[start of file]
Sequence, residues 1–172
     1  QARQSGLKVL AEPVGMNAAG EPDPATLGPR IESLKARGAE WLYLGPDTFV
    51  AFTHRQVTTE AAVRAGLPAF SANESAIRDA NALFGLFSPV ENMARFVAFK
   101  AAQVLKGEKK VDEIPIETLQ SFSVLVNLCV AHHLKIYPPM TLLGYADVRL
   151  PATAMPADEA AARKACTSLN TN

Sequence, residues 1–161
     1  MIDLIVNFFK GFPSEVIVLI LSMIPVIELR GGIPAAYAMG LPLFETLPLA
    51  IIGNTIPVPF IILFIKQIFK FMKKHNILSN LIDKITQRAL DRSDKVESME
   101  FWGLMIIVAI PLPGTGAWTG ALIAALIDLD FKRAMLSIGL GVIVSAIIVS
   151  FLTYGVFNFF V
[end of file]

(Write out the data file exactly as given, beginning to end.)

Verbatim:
Sequence, residues 1–172
     1  QARQSGLKVL AEPVGMNAAG EPDPATLGPR IESLKARGAE WLYLGPDTFV
    51  AFTHRQVTTE AAVRAGLPAF SANESAIRDA NALFGLFSPV ENMARFVAFK
   101  AAQVLKGEKK VDEIPIETLQ SFSVLVNLCV AHHLKIYPPM TLLGYADVRL
   151  PATAMPADEA AARKACTSLN TN

Sequence, residues 1–161
     1  MIDLIVNFFK GFPSEVIVLI LSMIPVIELR GGIPAAYAMG LPLFETLPLA
    51  IIGNTIPVPF IILFIKQIFK FMKKHNILSN LIDKITQRAL DRSDKVESME
   101  FWGLMIIVAI PLPGTGAWTG ALIAALIDLD FKRAMLSIGL GVIVSAIIVS
   151  FLTYGVFNFF V